The Net interprets censorship as damage and routes around it. So said John Gilmore in an article published over twenty years ago. A few years later John Perry Barlow came up with A Declaration of the Independence of Cyberspace.
Growing up in India in the 1960s and 1970s, people like me thought of this guy as a hero. Max Yasgur. A stream of consciousness that included Joni Mitchell and Crosby Stills and Nash and Matthews Southern Comfort. Camping out on the land and setting my soul free.
My grandfather’s generation lived through two world wars and a struggle for independence; my father’s generation through a good deal of that; Korea and Vietnam were soon t0 follow, and the Middle East was all set to take centre stage.
Not surprisingly, many in the generation I was and am part of took heart at the promise of community, of togetherness, of connected people changing the world. Not surprisingly, that is likely to have influenced much of how I thought about the internet, the Web, connected communities. I wasn’t alone in that, whole shelves of books have probably been written about it.
That’s the kind of reason why I’ve always said that the roots of my understanding of open source were more in the Grateful Dead and in the Well than in anything else.
This optimism had an early payoff. Those who were in India between 1975 and 1977 will remember the Emergency. Dark days. Totalitarian control. Terror. Censorship. Opposition in jail. Total. Control.
And then they called an election.
The opposition cried foul.
The opposition won.
I was 17 when the Emergency began, 19 when it ended. Many said that the 1977 election was the greatest show democracy had ever put on.
Roll forward to today.
Polarised opinion everywhere. Polarisation that quickly became hate, with physical violence close to the surface, leaking out here and there. Extremism. Guerrilla terrorism. People and parties hitherto considered unelectable getting elected, with the likelihood of more to come. A connected world getting rapidly disconnected. Barriers coming up, not just the ones of the past, but new ones as well. Hatred everywhere.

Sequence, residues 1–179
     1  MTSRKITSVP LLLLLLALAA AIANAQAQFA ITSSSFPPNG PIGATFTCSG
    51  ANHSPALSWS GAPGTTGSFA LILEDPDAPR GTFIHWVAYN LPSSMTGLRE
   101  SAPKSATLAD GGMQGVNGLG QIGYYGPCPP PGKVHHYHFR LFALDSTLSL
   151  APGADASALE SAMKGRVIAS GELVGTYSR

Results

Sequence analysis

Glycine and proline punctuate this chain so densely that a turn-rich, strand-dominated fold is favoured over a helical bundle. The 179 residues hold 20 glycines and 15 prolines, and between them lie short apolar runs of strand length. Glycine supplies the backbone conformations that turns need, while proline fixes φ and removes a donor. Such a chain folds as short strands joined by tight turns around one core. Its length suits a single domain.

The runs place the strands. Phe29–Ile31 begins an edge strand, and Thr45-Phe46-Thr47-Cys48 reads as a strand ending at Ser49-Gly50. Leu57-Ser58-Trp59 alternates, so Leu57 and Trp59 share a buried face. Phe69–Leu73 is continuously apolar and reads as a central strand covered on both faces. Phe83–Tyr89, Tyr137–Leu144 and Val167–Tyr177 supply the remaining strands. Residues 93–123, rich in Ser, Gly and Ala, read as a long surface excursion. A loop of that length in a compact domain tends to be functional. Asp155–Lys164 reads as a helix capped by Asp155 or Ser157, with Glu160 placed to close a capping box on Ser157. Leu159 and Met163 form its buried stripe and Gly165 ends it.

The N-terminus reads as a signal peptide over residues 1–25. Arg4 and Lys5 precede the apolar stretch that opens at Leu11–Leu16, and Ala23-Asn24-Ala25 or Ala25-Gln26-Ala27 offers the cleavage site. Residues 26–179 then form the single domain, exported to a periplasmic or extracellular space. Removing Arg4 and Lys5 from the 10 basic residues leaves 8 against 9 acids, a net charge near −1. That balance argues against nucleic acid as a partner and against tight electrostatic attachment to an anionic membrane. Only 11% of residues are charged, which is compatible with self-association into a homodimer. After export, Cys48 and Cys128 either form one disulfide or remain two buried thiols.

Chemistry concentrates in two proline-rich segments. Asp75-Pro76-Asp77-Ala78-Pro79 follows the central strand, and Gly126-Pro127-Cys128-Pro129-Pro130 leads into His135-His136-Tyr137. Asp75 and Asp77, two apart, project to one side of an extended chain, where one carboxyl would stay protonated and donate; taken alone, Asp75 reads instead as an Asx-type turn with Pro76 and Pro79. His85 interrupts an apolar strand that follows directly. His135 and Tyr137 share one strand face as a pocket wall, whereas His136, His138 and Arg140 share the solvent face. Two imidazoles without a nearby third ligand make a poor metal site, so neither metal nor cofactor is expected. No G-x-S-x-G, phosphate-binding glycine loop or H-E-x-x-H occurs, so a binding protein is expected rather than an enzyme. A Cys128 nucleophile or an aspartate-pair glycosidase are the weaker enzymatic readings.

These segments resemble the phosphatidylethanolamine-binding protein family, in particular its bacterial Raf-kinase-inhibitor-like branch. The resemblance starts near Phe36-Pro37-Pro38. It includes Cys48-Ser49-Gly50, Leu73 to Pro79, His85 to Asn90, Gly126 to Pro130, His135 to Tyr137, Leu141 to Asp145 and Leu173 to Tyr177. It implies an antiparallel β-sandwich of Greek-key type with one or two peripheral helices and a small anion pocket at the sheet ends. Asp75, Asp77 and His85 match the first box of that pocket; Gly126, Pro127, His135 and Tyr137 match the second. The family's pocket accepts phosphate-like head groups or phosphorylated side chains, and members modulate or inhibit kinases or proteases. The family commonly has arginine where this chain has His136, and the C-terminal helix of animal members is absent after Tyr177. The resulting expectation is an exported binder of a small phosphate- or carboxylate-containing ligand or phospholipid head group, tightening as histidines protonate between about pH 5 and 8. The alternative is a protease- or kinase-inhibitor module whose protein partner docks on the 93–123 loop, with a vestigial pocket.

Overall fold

That wasn’t the way it was meant to be.
I grew up in the Summer of Love. I was seeing something closer to the Winter of Hate.
As a grandfather, I found myself in the same place that many generations before me had found themselves. What kind of world are we bringing our descendants into? Is it better or worse than the one we came into?
I believe in the power of connected people working together for good. I believe that those connections get harder and harder to game, to filter centrally, to control. I believe that as a result this world can be a better place.
I believe there doesn’t have to be a continuing Winter of Hate. But it needs three things.
Ubiquitous, affordable connectivity.
More than anything else, a respect for human dignity, a tolerance for diversity.
Whatever happens with the current polarised debates, referenda, elections, wars and terrorism, it’s not about who’s right and who’s wrong; there is an after to come, an after where there are no winners and losers. Just people who have to learn to live together.
That “after” requires all three things: the connectivity, the education, the respect for human dignity.
That’s what we have to ensure we leave to our children’s children.
Routing around obstacles.